BMC Pregnancy and Childbirth 03/2014; 14(1):112. DOI:10.1186/1471-2393-14-112 · 2.19 Impact Factor
  • Source
    [Show abstract] [Hide abstract]
    ABSTRACT: Abstract Rapidly developing next-generation sequencing (NGS) technologies produce a large amount of data across the whole human genome and allow a large number of DNA samples to be analyzed simultaneously. Screening cell-free fetal DNA (cffDNA) obtained from maternal blood using NGS technologies has provided new opportunities for non-invasive prenatal diagnosis (NIPD) of fetal aneuploidies. One of the major challenges to the analysis of fetal abnormalities is the development of accurate and reliable algorithms capable of analyzing large numbers of short sequence reads. Several such algorithms have recently been developed. Here, we provide a review of recent NGS-based NIPD methods as well as the available algorithms for short-read sequence analysis. We furthermore introduce the practical application of these algorithms for the detection of different types of fetal aneuploidies, and compare the performance, cost and complexity of each approach for clinical deployment. Our review identifies several main technologies and trends in NGS-based NIPD. The main considerations for clinical development for NIPD and screening tests using DNA sequencing are: accuracy, intellectual property, cost and the ability to screen for a wide range of chromosomal abnormalities and genetic defects. The cost of the diagnostic test depends on the sequencing method, diagnostic algorithm and volume of the tests. If the cost of sequencing equipment and reagents remains at or around current levels, targeted approaches for sequencing-based aneuploidy testing and SNP-based methods are preferred.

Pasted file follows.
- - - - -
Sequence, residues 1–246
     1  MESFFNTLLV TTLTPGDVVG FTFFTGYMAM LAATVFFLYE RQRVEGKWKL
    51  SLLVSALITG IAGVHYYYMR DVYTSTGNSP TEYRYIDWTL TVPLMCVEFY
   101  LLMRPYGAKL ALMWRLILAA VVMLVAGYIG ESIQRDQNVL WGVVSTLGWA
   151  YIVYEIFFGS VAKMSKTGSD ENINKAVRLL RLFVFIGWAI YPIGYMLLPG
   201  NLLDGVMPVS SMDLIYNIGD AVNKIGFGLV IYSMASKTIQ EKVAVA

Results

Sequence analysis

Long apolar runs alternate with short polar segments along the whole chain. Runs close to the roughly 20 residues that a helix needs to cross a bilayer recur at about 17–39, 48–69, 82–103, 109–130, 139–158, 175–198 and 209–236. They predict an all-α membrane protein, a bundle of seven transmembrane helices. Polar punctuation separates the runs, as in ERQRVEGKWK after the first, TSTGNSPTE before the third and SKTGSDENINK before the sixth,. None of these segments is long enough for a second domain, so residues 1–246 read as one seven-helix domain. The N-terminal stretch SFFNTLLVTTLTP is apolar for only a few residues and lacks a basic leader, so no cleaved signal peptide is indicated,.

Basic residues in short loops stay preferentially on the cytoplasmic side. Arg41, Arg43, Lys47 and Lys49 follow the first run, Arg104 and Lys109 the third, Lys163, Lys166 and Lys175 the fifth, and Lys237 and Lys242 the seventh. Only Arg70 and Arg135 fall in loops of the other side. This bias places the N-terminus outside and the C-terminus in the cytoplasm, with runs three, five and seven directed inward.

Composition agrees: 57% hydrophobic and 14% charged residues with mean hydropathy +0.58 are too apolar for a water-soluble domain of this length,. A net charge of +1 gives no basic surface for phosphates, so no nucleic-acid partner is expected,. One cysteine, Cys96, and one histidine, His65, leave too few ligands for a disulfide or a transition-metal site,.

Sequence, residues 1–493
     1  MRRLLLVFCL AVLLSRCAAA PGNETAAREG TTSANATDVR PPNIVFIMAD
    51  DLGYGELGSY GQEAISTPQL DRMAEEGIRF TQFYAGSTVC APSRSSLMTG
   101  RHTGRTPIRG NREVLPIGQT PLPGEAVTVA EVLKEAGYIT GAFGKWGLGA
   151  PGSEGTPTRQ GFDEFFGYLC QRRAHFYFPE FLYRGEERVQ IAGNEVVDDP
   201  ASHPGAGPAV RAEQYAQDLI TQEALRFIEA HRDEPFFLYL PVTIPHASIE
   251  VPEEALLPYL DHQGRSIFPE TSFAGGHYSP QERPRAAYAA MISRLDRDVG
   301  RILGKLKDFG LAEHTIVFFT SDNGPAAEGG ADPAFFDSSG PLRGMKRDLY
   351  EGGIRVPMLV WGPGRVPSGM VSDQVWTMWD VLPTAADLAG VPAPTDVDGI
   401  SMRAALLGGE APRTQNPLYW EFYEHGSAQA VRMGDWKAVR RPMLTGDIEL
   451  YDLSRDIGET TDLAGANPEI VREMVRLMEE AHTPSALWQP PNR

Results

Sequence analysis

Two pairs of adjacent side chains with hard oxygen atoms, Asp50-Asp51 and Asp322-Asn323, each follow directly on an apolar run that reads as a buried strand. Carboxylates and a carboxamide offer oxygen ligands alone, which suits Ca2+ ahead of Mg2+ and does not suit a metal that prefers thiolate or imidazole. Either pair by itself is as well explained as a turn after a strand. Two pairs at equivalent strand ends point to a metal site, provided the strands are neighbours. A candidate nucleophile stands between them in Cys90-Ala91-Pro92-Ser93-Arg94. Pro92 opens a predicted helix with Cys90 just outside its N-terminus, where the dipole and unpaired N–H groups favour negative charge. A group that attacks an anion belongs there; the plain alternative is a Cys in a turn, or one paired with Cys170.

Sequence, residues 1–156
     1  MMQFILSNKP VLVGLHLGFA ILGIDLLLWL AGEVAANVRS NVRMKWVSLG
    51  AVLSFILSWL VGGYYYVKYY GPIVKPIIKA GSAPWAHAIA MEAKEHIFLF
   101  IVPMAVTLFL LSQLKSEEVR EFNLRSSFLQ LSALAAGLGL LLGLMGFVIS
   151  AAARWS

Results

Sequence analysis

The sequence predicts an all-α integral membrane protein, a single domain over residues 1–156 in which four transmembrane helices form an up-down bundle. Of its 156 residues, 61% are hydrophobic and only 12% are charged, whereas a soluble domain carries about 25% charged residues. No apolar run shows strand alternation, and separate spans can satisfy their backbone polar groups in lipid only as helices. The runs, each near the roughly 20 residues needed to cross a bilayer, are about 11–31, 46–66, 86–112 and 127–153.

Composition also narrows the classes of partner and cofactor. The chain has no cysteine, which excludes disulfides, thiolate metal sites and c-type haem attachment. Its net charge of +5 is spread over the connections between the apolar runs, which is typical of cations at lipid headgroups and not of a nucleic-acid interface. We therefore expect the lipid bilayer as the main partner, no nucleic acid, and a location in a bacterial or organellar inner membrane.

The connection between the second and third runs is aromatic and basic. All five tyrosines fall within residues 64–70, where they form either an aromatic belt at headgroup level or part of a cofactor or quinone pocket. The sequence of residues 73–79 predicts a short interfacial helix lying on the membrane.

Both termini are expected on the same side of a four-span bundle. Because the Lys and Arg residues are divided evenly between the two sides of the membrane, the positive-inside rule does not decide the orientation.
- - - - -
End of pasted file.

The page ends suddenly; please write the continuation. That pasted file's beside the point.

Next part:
Clinical Chemistry and Laboratory Medicine 09/2012; DOI:10.1515/cclm-2012-0281 · 2.71 Impact Factor
  • Source
    [Show abstract] [Hide abstract]
    ABSTRACT: Fetal malformations are very frequent in industrialized countries. Although advanced maternal age may affect pregnancy outcome adversely, 80%-90% of fetal malformations occur in the absence of a specific risk factor for parents. The only effective approach for prenatal screening is currently represented by an ultrasound scan. However, ultrasound methods present two important limitations: the substantial absence of quantitative parameters and the dependence on the sonographer experience. In recent years, together with the improvement in transducer technology, quantitative and objective sonographic markers highly predictive of fetal malformations have been developed. These markers can be detected at early gestation (11-14 wk) and generally are not pathological in themselves but have an increased incidence in abnormal fetuses. Thus, prenatal ultrasonography during the second trimester of gestation provides a "genetic sonogram", including, for instance, nuchal translucency, short humeral length, echogenic bowel, echogenic intracardiac focus and choroid plexus cyst, that is used to identify morphological features of fetal Down's syndrome with a potential sensitivity of more than 90%. Other specific and sensitive markers can be seen in the case of cardiac defects and skeletal anomalies. In the future, sonographic markers could limit even more the use of invasive and dangerous techniques of prenatal diagnosis (amniocentesis, etc.).
    10/2013; 5(10):356-371. DOI:10.4329/wjr.v5.i10.356
Show more